Debunking nutrition myths – Nutrition Kitchen SG

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Myth 1: You should cut out red meat

For some reason, red meat has been demonised over the past decade. In fact, there are numerous benefits to it:

-       Significant source of protein- essential amino acids aplenty and very satiating.

-       Nutrient density- high in zinc, thiamin, B12. A source of bioavailable heme iron, this is especially important if you have had anemia. The iron in red meat is absorbed far better than plant-based sources.

-       Not all the fat in meat is saturated! Half of the fat in beef is unsaturated- largely comprising heart-healthy monounsaturated fat, which is supposedly the active component in Olive Oil).

So if you’re feeling consistently low on energy, you might get a boost from trying to include more red meat in your diet.

 

Myth 2: Carbs are evil!

Believe it or not, you can eat carbs at every meal and still lose weight.

By carbs, though, we don’t mean pizza, chocolate and ice cream. All of these are examples of foods which are equal parts carbs and fat- this makes them hyper-palatable and hyper calorific. A combination which is at the heart of all processed foods.

When most people cut out carbs, they are really cutting out calorie dense processed foods. The type of foods which, when eaten regularly, will push you out of a calorie deficit.

Eating whole foods like root vegetables and tubers, pulses and minimally processed foods like oats and even rice will not have a negative impact on weight loss within the context of a calorie-controlled diet.

Even highly processed foods eaten during a calorie-controlled diet will cause weight loss, however, for most people, eating these foods is very hard to reconcile with maintaining a calorie deficit.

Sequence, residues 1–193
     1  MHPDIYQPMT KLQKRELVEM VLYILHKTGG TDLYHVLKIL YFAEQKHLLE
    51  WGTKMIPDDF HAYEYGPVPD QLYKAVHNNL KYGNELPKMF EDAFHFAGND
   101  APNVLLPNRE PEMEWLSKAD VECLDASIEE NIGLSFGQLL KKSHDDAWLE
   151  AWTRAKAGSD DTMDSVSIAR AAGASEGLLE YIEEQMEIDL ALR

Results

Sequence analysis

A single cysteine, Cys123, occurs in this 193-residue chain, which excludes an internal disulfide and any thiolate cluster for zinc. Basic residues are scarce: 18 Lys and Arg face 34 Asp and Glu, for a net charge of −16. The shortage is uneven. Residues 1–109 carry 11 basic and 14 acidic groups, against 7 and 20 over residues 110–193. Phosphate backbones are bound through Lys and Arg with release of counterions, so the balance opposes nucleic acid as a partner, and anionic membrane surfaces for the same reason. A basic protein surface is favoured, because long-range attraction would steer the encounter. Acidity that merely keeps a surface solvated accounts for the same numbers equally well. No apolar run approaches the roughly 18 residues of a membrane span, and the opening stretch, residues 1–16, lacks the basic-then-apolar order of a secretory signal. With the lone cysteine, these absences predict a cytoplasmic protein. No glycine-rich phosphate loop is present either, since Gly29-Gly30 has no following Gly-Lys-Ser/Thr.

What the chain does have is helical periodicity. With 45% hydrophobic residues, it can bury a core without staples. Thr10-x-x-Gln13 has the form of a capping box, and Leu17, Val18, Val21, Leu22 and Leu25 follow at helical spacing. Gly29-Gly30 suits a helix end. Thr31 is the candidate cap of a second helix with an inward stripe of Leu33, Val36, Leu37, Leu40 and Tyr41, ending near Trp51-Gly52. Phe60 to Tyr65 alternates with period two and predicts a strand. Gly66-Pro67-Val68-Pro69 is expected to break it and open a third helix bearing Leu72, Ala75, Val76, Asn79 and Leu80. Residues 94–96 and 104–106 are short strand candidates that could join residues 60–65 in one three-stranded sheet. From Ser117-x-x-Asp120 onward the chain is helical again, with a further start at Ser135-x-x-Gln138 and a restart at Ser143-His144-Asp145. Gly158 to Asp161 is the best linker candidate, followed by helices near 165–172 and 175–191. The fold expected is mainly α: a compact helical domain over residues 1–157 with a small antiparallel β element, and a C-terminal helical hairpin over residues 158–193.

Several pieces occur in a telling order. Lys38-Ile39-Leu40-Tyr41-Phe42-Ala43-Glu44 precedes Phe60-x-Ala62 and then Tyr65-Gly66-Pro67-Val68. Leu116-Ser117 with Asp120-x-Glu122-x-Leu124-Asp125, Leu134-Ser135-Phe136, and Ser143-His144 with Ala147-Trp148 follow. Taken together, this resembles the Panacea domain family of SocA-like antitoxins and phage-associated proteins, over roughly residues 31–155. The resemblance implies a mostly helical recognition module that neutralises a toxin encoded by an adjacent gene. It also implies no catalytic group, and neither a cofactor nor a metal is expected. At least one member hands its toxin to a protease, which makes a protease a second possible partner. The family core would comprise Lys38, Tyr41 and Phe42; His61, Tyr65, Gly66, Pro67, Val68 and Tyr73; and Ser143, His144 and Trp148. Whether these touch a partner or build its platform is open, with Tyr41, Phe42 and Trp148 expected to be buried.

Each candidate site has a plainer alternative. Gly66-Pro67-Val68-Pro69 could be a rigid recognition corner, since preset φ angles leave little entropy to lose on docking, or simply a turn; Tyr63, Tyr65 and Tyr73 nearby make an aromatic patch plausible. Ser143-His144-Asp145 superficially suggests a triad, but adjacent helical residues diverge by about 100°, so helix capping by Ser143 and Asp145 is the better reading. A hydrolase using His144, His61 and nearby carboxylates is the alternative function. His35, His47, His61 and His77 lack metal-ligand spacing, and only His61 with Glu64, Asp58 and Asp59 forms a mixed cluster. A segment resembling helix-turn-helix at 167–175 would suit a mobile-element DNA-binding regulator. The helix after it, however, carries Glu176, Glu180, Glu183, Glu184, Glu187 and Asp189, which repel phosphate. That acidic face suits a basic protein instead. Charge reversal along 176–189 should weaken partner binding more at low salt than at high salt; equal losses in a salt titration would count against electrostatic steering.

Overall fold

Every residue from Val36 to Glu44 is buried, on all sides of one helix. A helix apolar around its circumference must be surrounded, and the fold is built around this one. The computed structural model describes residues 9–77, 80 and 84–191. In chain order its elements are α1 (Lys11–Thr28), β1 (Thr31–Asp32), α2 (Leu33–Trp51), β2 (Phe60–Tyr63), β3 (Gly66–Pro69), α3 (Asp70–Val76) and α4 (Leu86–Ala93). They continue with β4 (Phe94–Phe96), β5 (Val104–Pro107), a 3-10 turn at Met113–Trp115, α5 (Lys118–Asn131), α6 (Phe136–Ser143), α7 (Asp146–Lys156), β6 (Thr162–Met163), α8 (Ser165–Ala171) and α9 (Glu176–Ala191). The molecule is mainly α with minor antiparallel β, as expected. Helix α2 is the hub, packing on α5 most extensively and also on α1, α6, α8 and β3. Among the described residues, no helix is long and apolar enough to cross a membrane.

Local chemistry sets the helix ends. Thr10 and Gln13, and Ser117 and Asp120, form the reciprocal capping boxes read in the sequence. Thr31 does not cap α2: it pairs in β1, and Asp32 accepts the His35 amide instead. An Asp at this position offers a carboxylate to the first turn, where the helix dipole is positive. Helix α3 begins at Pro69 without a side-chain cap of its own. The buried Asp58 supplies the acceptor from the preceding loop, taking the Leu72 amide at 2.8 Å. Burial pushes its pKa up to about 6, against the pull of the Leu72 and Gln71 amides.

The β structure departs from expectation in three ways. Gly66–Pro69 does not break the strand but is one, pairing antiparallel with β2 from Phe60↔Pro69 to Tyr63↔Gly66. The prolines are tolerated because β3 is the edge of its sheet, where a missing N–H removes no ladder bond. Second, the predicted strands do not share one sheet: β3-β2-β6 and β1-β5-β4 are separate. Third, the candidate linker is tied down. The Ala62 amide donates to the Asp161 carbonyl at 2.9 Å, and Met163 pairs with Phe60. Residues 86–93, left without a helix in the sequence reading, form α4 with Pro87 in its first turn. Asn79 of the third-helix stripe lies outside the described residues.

Myth 3: You need to eat 1200 calories to lose weight

I see blanket statements like this kicking around online. There is no one magical calorie intake for all people. It is incredibly context dependent. For example, questions you should consider include:

·       How heavy are you?

·       How much lean mass do you have relative to body fat?

·       What is your goal?

·       What is your time frame?

·       What rate of change will keep you motivated?

·       How often do you train?

·       How active are you outside the gym?

·       What is your appetite like?

·       What is your history of dieting?

·       Are you prone to uncontrolled binges following lower calorie diets?

·       Do you know the nutritional value of the foods you’re eating?

·       Are you sleeping well?

·       Are you stressed?

The right diet for you is one which gets you to where you want to be, is sustainable, and doesn’t make your life miserable. 1200 calories might be right for you, but given the list of factors above, it probably isn’t. Start your diet with the simple goal of sticking to it- for most of us, that means setting the calories slightly higher, accepting a slower rate of change and enjoying the process.

 

Myth 4: After a workout, I should take a supplement or a protein shake

It is undeniably true that our muscles need protein to grow and repair after exercise–this is particularly true of high-intensity activities.

However, timing is more important.

Your body can only metabolise a certain amount of protein at a time. So there’s no point trying to ingest 100g of protein after a heavy session in the gym. The goal should be to eat a regular meal within an hour of working out so your body can get the macronutrients it needs to repair.

Luckily, our high protein menu can help you do this without the need to worry about supplements or shakes.

 

Myth 5: You want certain foods because you’re missing one of the nutrients they provide

The dreaded cravings. Most often, they come down to emotional needs (like tiredness) rather than because you’re lacking a certain nutrient.

This is certainly more likely if your diet is boring or restricted, hence we try to make our menus as flavourful and different as possible.De

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